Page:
mentioned a number of potential sites including Indianapolis, Dayton, St. 
Louis, Cincinnati, and Kansas City.

The East was identified by 32 respondents as the best site for
denominational offices, including 24 who specified New Windsor. Twenty-seven
of those 32 people reside east of Ohio, including 13 staff based at New 

Four respondents expressed the desire that there be no changes made, and
three suggested they did not have enough information about costs and other
factors to express an informed opinion

Where you live makes a difference -- Where a respondent lives often has a
great deal to do with where you think the denominational headquarters
should be located. In general, our responses show that those who live east 
of Ohio were more likely to believe the denomination's offices should be 
located in their area. While there was a similar identifiable pattern in 
other responses, those from other regions of the country (Ohio and west) 
were less likely than their Eastern brothers and sisters to indicate the 
offices should be located in their regions.

The same pattern was true of the staff. Those who work at New Windsor were
almost unanimous that the entire denominational staff should be based
there. Many of those who are based in Elgin also support their home base as
the ideal site. However, Elgin staff members were more likely to consider 
other locations and staffing patterns.

Among those who support a move east of Ohio, about a third indicated
concern over what such a move would mean psychologically to those who live 
farther west. This was born out by comments from their brothers and sisters 
who reside west of the Mississippi that such a move would increase their 
feelings of isolation.

Washington office -- One other interesting result was a dichotomy of
opinion about the future of the office in Washington, D.C. An equal number 
of people expressed strong opinions that this office should either continue 
or be closed (five in each camp).

What issues are most important in making decisions about location?

Cost -- By far the most frequently mentioned factor was cost. This included
the cost of operating facilities, the cost of any potential relocation, and
the cost of living in the area where the offices are located. This was such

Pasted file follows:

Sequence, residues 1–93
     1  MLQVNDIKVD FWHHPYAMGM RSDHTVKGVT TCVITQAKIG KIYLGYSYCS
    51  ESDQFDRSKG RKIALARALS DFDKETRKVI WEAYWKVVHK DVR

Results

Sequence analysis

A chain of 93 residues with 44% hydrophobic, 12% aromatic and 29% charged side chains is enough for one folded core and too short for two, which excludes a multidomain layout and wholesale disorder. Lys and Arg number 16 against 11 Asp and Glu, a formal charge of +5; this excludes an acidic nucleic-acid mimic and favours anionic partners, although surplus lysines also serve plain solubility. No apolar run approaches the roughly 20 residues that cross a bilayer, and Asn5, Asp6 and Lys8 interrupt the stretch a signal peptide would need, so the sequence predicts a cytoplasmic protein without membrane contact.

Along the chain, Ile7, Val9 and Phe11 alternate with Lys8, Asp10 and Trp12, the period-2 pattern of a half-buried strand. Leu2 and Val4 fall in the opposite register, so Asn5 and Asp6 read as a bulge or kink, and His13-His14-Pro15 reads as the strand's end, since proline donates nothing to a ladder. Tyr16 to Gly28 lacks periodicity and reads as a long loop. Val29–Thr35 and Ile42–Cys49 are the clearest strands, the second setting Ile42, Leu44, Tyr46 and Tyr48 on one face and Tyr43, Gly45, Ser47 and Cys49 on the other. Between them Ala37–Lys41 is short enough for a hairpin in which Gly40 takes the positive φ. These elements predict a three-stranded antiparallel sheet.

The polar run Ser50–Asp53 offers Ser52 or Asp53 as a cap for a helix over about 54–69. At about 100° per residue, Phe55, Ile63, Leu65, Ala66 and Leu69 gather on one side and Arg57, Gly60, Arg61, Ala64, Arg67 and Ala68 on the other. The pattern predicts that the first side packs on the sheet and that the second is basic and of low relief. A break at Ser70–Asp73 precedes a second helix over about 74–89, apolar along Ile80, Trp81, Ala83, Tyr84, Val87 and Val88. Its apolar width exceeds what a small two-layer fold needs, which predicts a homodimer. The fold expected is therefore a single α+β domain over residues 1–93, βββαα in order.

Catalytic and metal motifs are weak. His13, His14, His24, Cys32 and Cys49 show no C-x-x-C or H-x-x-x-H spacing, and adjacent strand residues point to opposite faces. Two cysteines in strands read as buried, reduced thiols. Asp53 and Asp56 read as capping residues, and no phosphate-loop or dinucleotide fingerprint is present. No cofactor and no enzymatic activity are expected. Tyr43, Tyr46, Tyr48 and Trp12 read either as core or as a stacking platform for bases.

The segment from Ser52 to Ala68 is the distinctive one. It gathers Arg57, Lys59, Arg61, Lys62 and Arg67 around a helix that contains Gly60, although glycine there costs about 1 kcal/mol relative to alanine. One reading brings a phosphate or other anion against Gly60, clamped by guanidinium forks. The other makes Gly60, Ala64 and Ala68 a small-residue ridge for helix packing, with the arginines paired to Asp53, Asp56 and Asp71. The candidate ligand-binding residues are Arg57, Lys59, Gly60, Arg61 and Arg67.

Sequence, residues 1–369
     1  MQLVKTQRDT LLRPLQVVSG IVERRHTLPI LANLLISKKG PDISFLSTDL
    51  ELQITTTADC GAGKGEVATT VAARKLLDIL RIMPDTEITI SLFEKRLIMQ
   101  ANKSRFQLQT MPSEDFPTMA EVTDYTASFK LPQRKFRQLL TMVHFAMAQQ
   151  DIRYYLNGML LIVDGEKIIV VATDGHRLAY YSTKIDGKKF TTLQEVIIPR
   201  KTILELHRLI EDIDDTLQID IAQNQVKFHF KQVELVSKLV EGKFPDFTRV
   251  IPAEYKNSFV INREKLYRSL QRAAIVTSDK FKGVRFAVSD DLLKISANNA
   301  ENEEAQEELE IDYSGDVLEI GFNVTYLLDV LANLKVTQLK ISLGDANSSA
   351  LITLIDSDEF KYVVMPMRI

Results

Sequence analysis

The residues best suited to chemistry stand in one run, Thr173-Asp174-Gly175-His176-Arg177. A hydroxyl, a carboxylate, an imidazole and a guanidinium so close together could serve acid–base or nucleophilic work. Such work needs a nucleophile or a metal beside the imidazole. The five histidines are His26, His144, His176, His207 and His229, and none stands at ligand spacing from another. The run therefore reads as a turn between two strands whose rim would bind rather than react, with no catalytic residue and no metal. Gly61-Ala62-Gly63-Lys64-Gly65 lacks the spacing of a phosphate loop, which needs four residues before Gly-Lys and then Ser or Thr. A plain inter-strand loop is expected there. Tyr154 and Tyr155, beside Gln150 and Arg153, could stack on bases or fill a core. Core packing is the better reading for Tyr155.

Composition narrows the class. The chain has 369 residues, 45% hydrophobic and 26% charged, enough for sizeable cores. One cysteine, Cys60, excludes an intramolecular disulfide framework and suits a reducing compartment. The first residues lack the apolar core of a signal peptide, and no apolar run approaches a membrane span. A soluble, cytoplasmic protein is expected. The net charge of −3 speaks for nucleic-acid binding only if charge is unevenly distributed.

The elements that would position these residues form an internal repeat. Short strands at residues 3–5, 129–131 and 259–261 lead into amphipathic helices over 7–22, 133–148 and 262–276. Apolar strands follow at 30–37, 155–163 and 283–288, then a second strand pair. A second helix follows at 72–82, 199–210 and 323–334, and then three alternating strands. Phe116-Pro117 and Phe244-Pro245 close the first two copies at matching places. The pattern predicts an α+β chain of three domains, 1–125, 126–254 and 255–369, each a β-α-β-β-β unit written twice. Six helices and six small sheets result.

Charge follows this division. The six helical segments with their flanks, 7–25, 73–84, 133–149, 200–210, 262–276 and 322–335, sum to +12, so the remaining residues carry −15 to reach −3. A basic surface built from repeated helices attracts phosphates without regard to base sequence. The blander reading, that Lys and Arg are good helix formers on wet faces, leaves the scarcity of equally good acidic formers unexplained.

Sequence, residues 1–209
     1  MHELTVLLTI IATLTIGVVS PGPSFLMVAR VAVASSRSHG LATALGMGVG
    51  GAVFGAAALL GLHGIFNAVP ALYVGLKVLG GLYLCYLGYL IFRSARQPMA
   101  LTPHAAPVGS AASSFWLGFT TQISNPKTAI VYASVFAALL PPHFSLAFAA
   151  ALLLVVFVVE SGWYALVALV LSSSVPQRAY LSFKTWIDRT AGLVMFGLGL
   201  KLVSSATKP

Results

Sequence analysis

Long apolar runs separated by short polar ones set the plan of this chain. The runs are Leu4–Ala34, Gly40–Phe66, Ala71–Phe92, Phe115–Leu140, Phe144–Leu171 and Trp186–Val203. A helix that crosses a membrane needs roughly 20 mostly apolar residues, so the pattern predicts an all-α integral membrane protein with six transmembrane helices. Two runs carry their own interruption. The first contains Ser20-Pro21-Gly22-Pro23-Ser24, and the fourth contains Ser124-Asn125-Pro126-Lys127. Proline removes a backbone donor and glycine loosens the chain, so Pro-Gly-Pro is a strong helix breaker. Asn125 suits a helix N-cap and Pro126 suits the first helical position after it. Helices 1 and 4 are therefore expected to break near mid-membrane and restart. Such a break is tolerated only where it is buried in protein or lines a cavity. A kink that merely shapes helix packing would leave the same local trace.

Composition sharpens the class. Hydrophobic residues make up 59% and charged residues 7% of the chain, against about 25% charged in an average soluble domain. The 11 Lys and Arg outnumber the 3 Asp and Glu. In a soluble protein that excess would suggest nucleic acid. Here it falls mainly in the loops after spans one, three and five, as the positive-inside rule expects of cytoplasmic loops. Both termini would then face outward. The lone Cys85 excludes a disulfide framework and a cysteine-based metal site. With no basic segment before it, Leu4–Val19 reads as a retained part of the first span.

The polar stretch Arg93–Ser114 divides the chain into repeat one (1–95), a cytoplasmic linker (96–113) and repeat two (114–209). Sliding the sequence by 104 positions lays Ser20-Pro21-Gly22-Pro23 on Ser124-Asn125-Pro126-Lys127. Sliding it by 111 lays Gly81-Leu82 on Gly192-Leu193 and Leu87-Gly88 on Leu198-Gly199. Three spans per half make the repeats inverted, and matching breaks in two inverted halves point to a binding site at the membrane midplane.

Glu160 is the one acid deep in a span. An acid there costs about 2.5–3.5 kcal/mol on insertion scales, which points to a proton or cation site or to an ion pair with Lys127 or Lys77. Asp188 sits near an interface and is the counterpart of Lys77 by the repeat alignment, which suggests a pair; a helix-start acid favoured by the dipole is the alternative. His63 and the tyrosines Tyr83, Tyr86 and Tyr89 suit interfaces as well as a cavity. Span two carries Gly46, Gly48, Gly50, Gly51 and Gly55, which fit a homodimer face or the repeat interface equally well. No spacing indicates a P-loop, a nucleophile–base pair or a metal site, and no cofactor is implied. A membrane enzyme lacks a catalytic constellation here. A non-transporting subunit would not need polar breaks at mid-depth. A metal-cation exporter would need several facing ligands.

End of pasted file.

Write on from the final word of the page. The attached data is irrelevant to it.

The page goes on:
an important issue that it was mentioned by more than 40 percent of our
respondents -- far outdistancing any other factor. It also cut evenly
across all opinions about location. Those who favor centralization believe 
it will be less expensive than having multiple offices, while those who 
support regionalization believe it would reduce overall travel costs and 
allow staff to live in less expensive areas.

Accessibility -- Denominational staff should have easy ways to get to
congregations. Nearly 25 percent indicated a critical factor is access to
excellent transportation -- both by road and by air.

Population center -- A close corollary to accessibility is locating the
offices in proximity to the population center of the church (i.e., toward
the East). However, several of the 20 percent who named this as a factor
acknowledged that such a move might speak negatively to those who reside in
the West.

Relate to all -- Following immediately on the factor above was the
sentiment that the location should be in a place that can speak to all 
parts of the church -- a bridge between East and West. There is great 
concern that moving the denominational offices to the East will be a move 
toward making the Church of the Brethren a regional sect instead of a 
national or global denomination.

Other -- A few other factors were suggested by a handful of respondents.
They include proximity to Bethany Theological Seminary, the impact on 
staff, and accessibility to communications technology.